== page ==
On Sunday afternoon, I go to the playground with Nathan, my two year old son. I get him out of his car seat and we run over to the plastic jungle gym which is made to look like a ship, with red and blue tunnels and slides.
“There’s poop up here,” a little boy calls from the hull, pointing to the corner. He’s about three and his right arm is bandaged from the elbow to the tips of his fingers. His arm hangs there, limp and useless. Even though I’m a family practice doctor, I don’t feel like asking what happened to him.
“I wannu be captain,” he tells Nathan, turning the wheel with his one good hand.
His parents are not far from us. They stand a few feet from the ship and laugh about something. They look young and stupid. His mother holds a newborn infant in her arms. Its limbs are reddish, like they’ve just been freshly pulled from her body. The father is smoking a cigarette. Their German Sheppard paws the grass.
I try to keep my son away from the corner of the ship where green flies buzz and hop on the shit and lick at it. The smell induces a gag reflex.
“What happened to your arm?” I try not to look into his eyes. Why am I asking him this? I already said that I wasn’t going to ask him.
He hesitates. “My mom screamed and then there was blood on my finger.” He turns the wheel. The air begins to smell like formaldehyde, like the first day of medical school when I saw a fully formed eight month old fetus floating in a jar in the laboratory of our classroom. Dr. Landis, our professor, said I could take it home “to study it” but I just put it under my bed and it stayed there the entire semester. I kept calling myself a freak for doing this, but it didn’t change anything. I’d get home, and it was the first thing that I would think about. I’d check to make sure it was still there and it always was.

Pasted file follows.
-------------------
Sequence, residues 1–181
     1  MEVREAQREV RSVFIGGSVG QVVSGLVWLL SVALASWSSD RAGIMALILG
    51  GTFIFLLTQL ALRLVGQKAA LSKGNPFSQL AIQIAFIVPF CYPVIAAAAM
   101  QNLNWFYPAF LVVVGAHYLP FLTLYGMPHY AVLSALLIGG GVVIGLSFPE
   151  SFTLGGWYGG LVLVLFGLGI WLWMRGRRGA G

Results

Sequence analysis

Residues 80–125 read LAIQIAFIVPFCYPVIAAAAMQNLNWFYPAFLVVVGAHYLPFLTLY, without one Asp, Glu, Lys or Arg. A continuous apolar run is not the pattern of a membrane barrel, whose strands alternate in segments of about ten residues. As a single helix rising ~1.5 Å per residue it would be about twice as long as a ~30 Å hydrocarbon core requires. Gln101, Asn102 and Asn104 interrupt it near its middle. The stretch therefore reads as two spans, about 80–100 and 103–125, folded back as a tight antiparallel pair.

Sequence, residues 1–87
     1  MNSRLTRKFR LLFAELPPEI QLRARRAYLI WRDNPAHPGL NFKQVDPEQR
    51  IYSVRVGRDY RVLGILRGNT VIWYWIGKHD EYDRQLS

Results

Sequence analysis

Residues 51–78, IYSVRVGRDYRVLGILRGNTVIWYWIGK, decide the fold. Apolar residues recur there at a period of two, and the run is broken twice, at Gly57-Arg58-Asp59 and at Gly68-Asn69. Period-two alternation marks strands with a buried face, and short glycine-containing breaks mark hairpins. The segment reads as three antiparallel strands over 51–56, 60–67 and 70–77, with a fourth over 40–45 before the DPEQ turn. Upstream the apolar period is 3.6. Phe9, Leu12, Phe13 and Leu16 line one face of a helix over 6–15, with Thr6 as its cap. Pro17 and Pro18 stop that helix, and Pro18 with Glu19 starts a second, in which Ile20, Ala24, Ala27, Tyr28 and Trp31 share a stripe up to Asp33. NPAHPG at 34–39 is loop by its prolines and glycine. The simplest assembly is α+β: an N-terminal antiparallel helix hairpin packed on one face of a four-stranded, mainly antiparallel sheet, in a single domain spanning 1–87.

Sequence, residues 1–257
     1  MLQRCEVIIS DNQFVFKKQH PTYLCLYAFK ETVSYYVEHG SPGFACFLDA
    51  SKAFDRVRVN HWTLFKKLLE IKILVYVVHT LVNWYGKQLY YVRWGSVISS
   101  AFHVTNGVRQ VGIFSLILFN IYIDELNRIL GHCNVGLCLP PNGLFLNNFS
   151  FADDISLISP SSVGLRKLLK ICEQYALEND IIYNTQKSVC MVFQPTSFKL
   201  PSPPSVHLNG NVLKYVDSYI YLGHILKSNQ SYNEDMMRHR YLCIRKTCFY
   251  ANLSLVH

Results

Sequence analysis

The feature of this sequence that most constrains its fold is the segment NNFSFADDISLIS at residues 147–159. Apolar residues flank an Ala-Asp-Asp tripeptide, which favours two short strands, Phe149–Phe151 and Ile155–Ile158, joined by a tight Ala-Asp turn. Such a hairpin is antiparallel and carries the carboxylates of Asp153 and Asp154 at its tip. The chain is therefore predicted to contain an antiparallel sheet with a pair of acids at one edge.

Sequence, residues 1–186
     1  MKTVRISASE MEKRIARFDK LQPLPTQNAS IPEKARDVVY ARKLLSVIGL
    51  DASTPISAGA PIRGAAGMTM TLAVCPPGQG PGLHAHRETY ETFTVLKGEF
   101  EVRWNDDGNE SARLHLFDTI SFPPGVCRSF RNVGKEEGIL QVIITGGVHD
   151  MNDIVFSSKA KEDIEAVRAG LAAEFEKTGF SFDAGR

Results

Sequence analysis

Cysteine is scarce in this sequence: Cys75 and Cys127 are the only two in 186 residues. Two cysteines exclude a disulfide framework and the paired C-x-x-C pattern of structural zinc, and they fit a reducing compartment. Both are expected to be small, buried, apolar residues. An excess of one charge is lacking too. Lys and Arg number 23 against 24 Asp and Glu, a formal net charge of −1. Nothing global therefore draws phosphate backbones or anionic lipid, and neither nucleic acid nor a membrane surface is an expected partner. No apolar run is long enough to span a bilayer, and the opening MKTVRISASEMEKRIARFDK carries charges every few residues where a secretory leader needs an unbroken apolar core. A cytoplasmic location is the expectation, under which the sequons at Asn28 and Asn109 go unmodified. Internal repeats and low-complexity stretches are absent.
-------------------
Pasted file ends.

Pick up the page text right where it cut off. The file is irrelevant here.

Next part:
“Go over there,” the boy tells Nathan, gesturing to the shit and, before I can stop him, Nathan runs over to it, squeezes it in his little hands and it gets all over his shirt and shorts, socks and shoes.
Nathan throws a fit. The boy just stands there. He turns the wheel and says, “I’m the captain.”
By the end of the semester, I had named the fetus. One night, after I failed an exam, I took the jar out from under the bed. Then, I opened it. I just wanted to hold him for a second but he was watery and cold and slipped out of my hands like fish. Formaldehyde spilled all over the covers. I panicked and threw everything-the sheets, my pillow, the bedcovers, the jar and fetus-into the dumpster behind my apartment building.
When they come over to the ship, his parents see Nathan and try to suppress their laughter. Their dog is barking and barking. I pick up my son and I’m covered in shit too.
“Let’s go, Charles,” the father snaps, throwing his cigarette into the air, and the boy climbs down from the ship, his bandaged arm seeming to trail behind the rest of his body.